By Mark Ward
Technology Correspondent, BBC News website
Soon after Microsoft's legions of programmers began work on the code that would become Windows Vista, the company announced a Trustworthy Computing initiative.
Microsoft boss Steve Ballmer presided over the Vista launch
This, declared founder Bill Gates, would make Microsoft's products far less susceptible to the malicious programs the bad guys were using to try to exploit Windows software.
In 2006, Windows Vista has become the new standard bearer for this initiative as it includes a whole series of technologies that try to make it far harder for malicious programs to compromise a PC.
In a statement Microsoft spokesman Sven Hallauer said Vista was designed from the ground up under the software companies Secure Development Lifecycle which aims to spot potential problems before the code ships.
Mr Hallauer said Microsoft had studied all the "critical" security issues that hit Windows XP between November 2003 and September 2006 and, he said, "found that the vast majority of these issues would either not affect Windows Vista at all or would have been reduced in severity".
Since Vista was released security firm Sophos has challenged this claim. It said it had discovered that three of the top threats in November 2006 bypass the defences on the new operating system and run on Vista.
One big change Microsoft is introducing with Vista is a technology called PatchGuard. This keeps an eye on the core, or kernel, of Windows Vista and stops unauthorised programs (the nasty ones) making changes. It could help stymie many malicious programs that try to embed themselves in Windows.
However, said Dave Marcus, senior security strategist at McAfee, only the 64-bit versions of Vista which are intended for businesses will run this technology. Very few consumers are likely to run this version of the software, said Mr Marcus, so the potential protection it offers will be limited.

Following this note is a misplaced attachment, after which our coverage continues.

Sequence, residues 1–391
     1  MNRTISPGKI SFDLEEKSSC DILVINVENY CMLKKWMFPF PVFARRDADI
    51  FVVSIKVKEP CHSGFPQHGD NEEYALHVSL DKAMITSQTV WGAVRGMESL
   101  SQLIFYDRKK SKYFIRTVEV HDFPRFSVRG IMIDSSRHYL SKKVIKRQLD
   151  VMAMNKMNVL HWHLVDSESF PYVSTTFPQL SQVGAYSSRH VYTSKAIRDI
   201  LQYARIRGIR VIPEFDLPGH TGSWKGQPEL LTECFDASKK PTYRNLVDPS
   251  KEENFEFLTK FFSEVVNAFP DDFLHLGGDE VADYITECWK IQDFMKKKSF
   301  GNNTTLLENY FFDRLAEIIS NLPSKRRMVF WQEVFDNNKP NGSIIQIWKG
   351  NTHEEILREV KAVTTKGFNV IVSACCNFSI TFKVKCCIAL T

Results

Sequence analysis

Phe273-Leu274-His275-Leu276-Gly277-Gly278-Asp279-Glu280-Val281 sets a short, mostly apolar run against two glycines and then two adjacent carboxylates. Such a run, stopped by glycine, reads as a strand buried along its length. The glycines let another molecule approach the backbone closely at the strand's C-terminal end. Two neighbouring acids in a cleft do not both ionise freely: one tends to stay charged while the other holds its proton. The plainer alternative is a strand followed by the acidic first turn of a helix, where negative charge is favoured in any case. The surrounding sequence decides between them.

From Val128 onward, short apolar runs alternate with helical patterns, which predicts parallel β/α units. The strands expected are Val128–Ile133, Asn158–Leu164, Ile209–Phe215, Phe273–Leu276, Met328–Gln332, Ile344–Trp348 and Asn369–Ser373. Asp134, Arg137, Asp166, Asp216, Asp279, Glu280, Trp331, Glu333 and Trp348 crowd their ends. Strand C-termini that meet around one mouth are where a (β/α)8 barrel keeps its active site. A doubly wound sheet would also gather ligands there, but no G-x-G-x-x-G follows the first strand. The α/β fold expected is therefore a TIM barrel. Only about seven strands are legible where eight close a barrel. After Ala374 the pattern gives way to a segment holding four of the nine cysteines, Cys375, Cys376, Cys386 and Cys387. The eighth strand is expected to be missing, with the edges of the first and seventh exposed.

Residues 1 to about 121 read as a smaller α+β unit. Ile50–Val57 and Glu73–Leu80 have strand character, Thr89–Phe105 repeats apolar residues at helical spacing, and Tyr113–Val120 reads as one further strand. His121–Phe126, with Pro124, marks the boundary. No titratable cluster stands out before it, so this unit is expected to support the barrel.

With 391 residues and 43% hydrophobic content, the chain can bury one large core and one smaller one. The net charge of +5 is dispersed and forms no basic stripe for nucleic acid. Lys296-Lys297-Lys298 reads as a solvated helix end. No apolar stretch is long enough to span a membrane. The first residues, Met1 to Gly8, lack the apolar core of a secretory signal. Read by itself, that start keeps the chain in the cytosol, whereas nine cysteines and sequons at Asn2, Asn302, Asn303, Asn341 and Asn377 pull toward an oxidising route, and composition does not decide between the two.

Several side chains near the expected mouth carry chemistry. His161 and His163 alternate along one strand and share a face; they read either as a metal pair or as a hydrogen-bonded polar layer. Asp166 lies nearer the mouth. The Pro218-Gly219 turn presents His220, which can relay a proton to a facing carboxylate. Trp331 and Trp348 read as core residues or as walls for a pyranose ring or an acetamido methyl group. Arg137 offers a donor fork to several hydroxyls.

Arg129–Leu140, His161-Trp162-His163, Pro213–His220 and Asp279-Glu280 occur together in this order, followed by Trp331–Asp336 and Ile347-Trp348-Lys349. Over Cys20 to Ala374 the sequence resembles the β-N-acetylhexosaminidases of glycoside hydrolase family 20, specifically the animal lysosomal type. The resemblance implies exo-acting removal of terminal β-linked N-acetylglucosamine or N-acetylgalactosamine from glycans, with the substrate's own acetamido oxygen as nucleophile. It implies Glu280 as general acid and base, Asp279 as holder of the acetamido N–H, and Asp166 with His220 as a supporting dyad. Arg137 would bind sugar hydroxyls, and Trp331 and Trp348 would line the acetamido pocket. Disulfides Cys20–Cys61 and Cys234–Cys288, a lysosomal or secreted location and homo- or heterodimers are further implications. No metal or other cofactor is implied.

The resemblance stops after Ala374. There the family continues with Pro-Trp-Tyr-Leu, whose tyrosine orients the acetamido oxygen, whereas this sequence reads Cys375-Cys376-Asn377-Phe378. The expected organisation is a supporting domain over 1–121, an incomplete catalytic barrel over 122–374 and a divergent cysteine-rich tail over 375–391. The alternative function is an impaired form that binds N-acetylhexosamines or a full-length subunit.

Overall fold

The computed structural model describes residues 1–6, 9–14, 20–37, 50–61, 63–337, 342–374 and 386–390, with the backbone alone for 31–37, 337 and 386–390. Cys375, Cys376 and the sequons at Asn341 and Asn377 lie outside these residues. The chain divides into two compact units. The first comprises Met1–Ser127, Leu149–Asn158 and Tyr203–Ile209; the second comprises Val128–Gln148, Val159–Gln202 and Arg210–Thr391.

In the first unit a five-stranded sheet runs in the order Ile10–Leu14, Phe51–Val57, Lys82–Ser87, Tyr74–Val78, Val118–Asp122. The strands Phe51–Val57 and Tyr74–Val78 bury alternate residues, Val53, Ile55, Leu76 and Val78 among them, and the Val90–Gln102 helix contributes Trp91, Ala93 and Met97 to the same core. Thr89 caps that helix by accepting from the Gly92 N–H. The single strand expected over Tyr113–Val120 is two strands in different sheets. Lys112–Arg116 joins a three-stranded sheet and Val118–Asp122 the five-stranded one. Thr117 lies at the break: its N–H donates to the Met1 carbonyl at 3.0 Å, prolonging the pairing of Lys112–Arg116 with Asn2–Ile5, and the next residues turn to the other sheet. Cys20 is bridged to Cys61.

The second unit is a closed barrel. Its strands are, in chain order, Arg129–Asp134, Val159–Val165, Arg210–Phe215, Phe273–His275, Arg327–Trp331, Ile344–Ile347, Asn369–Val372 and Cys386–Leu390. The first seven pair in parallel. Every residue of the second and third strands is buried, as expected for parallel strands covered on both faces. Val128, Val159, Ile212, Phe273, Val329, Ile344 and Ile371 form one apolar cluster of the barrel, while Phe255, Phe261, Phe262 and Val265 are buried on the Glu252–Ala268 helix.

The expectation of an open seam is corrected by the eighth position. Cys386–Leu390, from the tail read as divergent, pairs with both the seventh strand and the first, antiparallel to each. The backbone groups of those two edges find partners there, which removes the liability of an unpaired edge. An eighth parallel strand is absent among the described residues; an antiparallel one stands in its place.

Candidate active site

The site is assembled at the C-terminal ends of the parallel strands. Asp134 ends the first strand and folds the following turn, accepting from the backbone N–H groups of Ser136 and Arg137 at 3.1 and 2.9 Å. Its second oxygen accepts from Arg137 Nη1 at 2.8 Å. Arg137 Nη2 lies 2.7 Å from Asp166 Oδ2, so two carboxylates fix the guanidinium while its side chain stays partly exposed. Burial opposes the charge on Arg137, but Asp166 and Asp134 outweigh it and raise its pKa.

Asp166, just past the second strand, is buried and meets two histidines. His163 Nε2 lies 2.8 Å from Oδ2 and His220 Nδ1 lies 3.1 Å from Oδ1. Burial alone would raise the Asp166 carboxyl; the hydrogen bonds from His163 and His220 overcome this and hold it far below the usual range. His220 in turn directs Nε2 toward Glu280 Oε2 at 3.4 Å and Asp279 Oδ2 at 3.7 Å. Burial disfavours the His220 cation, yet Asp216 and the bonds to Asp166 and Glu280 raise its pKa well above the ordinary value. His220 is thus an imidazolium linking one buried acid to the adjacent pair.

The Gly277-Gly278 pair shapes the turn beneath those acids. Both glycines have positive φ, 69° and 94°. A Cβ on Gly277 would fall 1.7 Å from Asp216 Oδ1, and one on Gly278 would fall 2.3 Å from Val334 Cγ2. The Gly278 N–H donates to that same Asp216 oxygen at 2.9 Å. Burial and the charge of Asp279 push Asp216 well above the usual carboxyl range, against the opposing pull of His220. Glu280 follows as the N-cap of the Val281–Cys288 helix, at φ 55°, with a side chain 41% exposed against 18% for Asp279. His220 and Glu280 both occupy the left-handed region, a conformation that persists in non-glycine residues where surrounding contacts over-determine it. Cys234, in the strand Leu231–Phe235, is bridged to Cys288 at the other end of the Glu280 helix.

Already security researchers are finding ways around PatchGuard. At the Black Hat hacker conference held in Las Vegas in August, Joanna Rutkowska demonstrated ways to subvert the Vista kernel.
But despite the lack of PatchGuard on the 32-bit versions that most home users are likely to run, Mr Marcus does think Vista will improve security.
"You will see a short-term benefit," he said. "Vista is a well-built operating system but it's going to be the biggest target."
Casual users were most likely to see the biggest benefits, he said, but soon the bad guys would work out ways around the changes Vista has introduced.
Kevin Hogan, a senior manager at Symantec security response, also said there were technologies in Vista that would, initially, make it harder for malicious programs to take hold.
In particular, he said, the system Microsoft had dubbed User Account Control should stop some people falling victim. This attempts to limit the access users have to the heart of their PC. Installing a program on a Vista machine requires more authentication or makes a user grant an application specific permission.
"That will be a big help in dealing with drive-by downloads," said Mr Hogan.
This type of malicious attack occurs when a Windows user visits a webpage that is booby-trapped with code that exploits a vulnerability. Some of the infections contracted this way can bombard people with adverts. Others are more sinister and can steal personal information or hijack a PC.
Vista was launched to businesses on 30 November
But, said Mr Hogan, this aura of protection would evaporate as the bad guys work out ways around the new technologies in Vista.
"We're not going to see the two-three year lag we saw after Windows 95 came out," he said. "It'll be far quicker than that."
Recent history is a guide to how quick the bad guys are reacting. In late 2004 Microsoft unveiled the SP2 update for Windows XP which aimed to close many of the loopholes malicious programs exploit.
However, evidence has emerged that the majority of the hijacked home PCs used to send spam are Windows XP machines fitted with SP2.
About 70% of the billions of spam messages sent every month are believed to be sent from hijacked Windows PCs.
Mr Hogan said there was already evidence that malicious hackers and cyber criminals were changing their tactics to get around the increasing number of security tools available for Windows.
Instead of trying to slip past the filters and security programs, many threats now relied on "social engineering" to trick people into installing the attack programs themselves.
Attacks were becoming customised to enable cyber criminals to infect a far higher proportion of victims than they might if they sent a virus to millions of people.
"The user is the weakest link in the chain here," said Mr Hogan, adding that no security program can protect people if they choose to ignore all the warnings.